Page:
Werfel: New laws could set back transparency efforts

Lawmakers should not pass new legislation that could upend the administration’s progress on making government spending more transparent, said Danny Werfel, controller at the Office of Management and Budget. Werfel told a Senate committee that lawmakers need to seriously think about the impact of new statutes on ongoing efforts to improve government accounting and tracking its money.

The administration has been implementing new laws, such as the Improper Payment Elimination and Recovery Act and another law that updates the Government Performance and Results Act, called the GPRA Modernization Act.

As Congress considers new transparency measures, Werfel offered a key question for senators to ask themselves when considering proposed legislation: Would the new law reinforce current objectives, or would it move the government in different directions?

Nevertheless, transparency legislation is moving through Congress. In April, the House passed by voice vote its Digital Accountability and Transparency Act, or the DATA Act (H.R. 2146). The bill would create the Federal Accountability and Spending Transparency Commission, which is to succeed the board that oversaw spending reports for the 2009 economic stimulus law. In addition, agencies would be required to submit their spending data to a new platform with consistent electronic identifiers and markup language.

-Mathew Weigelt, FCW.com

Today's GAO Publication

Government Transparency: Efforts to Improve Information on Federal Spending, by Gene L. Dodaro, Comptroller General of the United States, before the Senate Committee on Homeland Security and Governmental Affairs.
GAO-12-913T, July 18.
Highlights - http://www.gao.gov/assets/600/592634.pdf

Tuesday, July 17, 2012

IG: DoD may miss audit deadlines because of delays in system upgrades

The Defense Department could miss deadlines for improving its financial audits because of delays in six modernization projects affecting financial management, logistics and other areas, the agency’s inspector general said in a report released Monday.

Those projects — known as enterprise resource planning systems — have collectively experienced $8 billion in cost overruns and schedule delays of a year-and-a-half or more in development and implementation, the report said (PDF).

Besides cutting into hoped-for cost savings, the delays increase the odds that the Pentagon will not meet a statutory September 2017 target for passing a full financial audit. Defense Secretary Leon Panetta’s 2014 goal of successfully completing a budget audit — one of four steps involved in meeting the full audit-readiness goal — is also at growing risk, the report said.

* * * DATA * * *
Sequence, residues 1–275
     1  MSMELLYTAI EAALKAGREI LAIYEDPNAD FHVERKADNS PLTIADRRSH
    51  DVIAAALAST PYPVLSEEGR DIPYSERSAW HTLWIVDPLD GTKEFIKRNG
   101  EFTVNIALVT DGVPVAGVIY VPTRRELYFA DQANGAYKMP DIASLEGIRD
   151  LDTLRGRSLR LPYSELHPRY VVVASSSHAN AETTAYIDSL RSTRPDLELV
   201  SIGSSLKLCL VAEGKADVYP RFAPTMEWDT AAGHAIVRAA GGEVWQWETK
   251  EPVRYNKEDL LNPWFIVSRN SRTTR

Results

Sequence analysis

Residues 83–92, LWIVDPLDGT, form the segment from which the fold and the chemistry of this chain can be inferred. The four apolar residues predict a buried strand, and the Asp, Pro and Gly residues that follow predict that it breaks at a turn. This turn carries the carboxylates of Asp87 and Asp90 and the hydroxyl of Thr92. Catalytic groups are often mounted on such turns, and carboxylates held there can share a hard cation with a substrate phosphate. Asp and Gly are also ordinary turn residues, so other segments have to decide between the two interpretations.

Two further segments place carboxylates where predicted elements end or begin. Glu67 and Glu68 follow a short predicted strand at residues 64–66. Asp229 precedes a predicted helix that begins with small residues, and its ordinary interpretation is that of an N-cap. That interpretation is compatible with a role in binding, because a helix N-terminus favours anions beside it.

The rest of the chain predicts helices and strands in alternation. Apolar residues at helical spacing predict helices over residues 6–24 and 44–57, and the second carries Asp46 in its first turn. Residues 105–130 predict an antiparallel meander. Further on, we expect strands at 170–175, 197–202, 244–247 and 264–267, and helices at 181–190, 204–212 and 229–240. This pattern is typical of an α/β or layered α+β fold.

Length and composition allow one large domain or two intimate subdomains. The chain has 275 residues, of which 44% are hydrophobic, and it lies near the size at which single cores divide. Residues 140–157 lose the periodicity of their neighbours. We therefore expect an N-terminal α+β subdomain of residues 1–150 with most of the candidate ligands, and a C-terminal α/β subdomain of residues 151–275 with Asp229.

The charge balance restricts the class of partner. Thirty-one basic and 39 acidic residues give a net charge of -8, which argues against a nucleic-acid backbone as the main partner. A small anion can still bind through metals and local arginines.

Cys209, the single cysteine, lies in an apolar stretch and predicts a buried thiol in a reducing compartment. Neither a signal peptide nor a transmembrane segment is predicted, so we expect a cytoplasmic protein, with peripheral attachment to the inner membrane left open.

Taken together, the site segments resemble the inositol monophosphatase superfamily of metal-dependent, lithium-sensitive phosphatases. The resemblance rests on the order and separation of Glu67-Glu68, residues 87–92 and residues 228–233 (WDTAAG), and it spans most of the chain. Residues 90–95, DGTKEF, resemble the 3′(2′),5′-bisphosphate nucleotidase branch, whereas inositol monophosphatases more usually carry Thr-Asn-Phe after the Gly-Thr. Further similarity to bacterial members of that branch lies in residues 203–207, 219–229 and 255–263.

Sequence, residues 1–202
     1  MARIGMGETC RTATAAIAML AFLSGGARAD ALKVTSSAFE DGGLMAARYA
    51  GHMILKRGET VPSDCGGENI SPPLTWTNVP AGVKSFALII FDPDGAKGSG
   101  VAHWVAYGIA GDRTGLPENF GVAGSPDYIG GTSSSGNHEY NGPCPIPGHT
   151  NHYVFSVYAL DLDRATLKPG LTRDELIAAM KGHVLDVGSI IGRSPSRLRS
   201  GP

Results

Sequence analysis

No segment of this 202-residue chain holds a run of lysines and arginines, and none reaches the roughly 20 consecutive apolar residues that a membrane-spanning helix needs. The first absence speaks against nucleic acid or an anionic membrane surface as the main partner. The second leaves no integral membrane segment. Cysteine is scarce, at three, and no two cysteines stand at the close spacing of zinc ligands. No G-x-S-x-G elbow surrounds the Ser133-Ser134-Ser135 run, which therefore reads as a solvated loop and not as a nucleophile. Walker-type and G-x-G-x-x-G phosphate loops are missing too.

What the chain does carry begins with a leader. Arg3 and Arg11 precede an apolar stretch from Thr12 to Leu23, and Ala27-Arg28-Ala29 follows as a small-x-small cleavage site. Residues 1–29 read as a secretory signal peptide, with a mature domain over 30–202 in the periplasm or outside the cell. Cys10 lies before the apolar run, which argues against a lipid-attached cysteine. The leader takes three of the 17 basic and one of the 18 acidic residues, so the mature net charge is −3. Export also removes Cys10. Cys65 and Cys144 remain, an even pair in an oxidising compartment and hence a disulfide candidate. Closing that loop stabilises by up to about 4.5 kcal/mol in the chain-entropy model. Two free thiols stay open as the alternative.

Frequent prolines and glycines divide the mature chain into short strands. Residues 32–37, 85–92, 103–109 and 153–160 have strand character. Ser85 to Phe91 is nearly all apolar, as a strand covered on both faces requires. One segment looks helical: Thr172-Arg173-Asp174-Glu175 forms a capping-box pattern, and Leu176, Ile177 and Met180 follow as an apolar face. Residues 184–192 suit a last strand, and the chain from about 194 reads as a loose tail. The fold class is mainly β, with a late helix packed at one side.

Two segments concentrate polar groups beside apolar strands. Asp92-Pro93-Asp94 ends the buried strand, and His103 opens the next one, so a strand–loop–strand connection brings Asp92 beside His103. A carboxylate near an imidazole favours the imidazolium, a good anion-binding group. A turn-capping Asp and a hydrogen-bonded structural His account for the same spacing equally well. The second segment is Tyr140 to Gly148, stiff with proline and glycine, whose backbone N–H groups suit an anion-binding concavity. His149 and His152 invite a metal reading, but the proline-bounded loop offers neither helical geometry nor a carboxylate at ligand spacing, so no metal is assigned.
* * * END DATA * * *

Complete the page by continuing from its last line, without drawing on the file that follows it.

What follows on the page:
-Sean Reilly, FederalTimes.com

Monday, July 16, 2012

DHS management failures threaten terrorism prevention, experts warn

Management problems at the Homeland Security Department threaten to undermine efforts to prevent terrorism in the U.S., lawmakers and experts with close knowledge of the department's operations said Thursday.

The department has played a key role in stopping all large-scale attacks since 9/11, but it still faces significant integration challenges, said Sen. Susan Collins (R-Maine) at a Thursday hearing by the Homeland Security and Governmental Affairs Committee.

She said DHS' continued presence — since its creation — on the Government Accountability Office's High Risk List as evidence.

DHS opened its doors in 2003, consolidating responsibilities from 22 other departments and agencies. The goal of Congress in creating DHS was to eliminate stovepipes that made it difficult for agencies to share information and resources aimed at preventing terrorism.

But nine years later, DHS has failed to adequately support key mission areas, said former department Inspector General Richard Skinner.

Skinner said DHS is lagging especially in the areas of financial management, acquisition management, IT management and grants management-most of which GAO has included on its high risk list.

-Rubin Gomez, FederalNewsRadio.com

Wednesday, July 11, 2012

GAT Board to finish testing spending oversight tools this summer

Agencies are conducting a series of pilot programs to improve the oversight and processing of grants, contracts, loans and other spending data.

The test programs are part of how the Government Accountability and Transparency (GAT) Board is implementing three broad-based recommendations.